Your ward may be asking you to prepare for the possibility of widespread illness this winter by keeping your refrigerator stocked with fresh food, your car’s tank filled with gasoline, your storeroom supplied with paper products – in short, living as if every day were the day after your regular errand day, so that if stores close due to illness, or you have to limit contact with people who may be ill, you’ll have the supplies for life to go on comfortably.
Can’t find Tamiflu for your private stock? I offer no warranty for the following substitutes, but I wonder if Brigham Young wouldn’t recommend his own home remedies –
According to his daughter Clarissa,
The medicines which Aunt Zina kept on her shelf were the common ones of the day – camphor, ipecac, hot drops (and whatever they were, they were exceedingly hot), mustard, and composition tea. In times of contagious diseases we wore around our necks the supposedly potent asafetida bag and hung sulphur sheets over the doorways. Raw onions in plates were sometimes kept around the rooms in order to absorb the poisons that might be in the air.
The composition tea was used by Father not only as a medicine but for his usual hot drink, since our religion teaches us not to use ordinary tea or coffee. I still drink it myself and have given the recipe to hundreds of friends. Here is Father’s own recipe for it: 4 oz. each of ground bayberry, poplar bark, and hemlock; 2 oz. each of ground ginger, cloves, and cinnamon; and 1 oz. of cayenne pepper. I take a small bit on the end of a spoon, fill the cup with hot water, and use plenty of cream and sugar.
When Father was suffering with rheumatism, Mother would wrap his knees in red flannel, put the hot drops on them, and give him composition tea. I used to carry a small pail of it cold to the Tabernacle for him to drink in place of water when he was preaching from the stand. Some years ago one of my friends called upon me, and as she was somewhat chilled from th cold weather I made her a drink of the hot composition tea. It seemed to be just what she needed, or at least what she thought she wanted, and she drank so much that she became ill. Since then she has always referred to it as “Mormon Highball.”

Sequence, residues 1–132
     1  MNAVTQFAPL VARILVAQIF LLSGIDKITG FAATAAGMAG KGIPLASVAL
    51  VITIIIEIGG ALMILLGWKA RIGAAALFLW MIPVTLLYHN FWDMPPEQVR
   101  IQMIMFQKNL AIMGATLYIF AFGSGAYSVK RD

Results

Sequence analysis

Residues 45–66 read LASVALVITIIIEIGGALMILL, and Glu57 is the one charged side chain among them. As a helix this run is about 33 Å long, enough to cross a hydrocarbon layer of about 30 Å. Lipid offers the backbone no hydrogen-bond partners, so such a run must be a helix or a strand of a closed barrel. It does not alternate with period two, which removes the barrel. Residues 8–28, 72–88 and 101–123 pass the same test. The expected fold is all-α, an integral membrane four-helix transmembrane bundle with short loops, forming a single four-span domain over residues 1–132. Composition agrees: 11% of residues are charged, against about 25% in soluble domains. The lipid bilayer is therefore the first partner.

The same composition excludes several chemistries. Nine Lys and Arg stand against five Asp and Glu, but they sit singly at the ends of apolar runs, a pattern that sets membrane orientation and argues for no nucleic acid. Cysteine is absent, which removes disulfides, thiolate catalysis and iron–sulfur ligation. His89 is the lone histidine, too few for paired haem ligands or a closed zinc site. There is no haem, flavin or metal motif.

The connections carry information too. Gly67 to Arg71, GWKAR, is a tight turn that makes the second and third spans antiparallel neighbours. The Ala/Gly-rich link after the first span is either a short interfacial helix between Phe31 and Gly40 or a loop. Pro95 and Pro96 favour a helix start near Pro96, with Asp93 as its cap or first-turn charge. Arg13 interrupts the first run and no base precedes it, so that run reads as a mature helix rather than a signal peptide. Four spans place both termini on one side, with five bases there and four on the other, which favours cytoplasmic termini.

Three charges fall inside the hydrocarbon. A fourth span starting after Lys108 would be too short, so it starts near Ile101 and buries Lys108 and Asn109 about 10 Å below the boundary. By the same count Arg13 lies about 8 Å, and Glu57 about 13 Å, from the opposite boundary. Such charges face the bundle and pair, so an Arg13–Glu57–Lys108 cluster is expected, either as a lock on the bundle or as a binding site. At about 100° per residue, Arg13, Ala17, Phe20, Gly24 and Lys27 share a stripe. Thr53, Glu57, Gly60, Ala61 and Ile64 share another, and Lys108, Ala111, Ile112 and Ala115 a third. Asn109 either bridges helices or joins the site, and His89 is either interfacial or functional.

Brigham’s composition tea seems to be a variation of the recipe found in a common 19th century medical text, Benjamin Colby’s 1846 Guide to Health:
Take of bayberry 2 Ibs.; ginger 1 lb.; cayenne 2 oz.; cinnamon 2 oz.; and prickly ash 2 oz., all to be finely pulverized, and sifted through a fine sieve, and well mixed.
Dose: One teaspoonful in two-thirds of a cupful of hot water, sweetened; milk or cream may be added to make it more agreeable.
This compound, being stimulant, astringent, and tonic, is an invaluable family medicine, being adapted to all forms of disease, in connection with laxatives, if costiveness be a prominent symptom, or relaxants in cases of constriction.
Colby also gives a recipe for the “hot drops” that Clarissa remembered but could not deconstruct:
Take of gum myrrh (Commiphora) 12 oz.; cayenne 1 oz.; fourth-proof brandy 1 gal. Put them into a jug or glass demi-john, and shake them several times a day for a week, when the liquor may be poured off and bottled for use.
This preparation is useful for bathing in cases of debility or a relaxed state of the surface, as in night sweats, to check diarrhea, relieve pain in the stomach or bowels, and also for the toothache.
Dose: From one to four teaspoonfuls in hot water. For the toothache, wet a piece of cotton in it, and put it into the tooth.
And if none of that works, you could always try the remedy reported to folklore collector Austin E. Fife in the 20th century:
Once the child of a Mormon pioneer asked her mother, “What did you do when we got sick?” Unhesitatingly came the reply, “Well, I would give you a teaspoonful of cold water and ask God to bless you.” [Austin E. Fife, “Pioneer Mormon Remedies,” Western Folklore,16:3 (July 1957), 153-162.]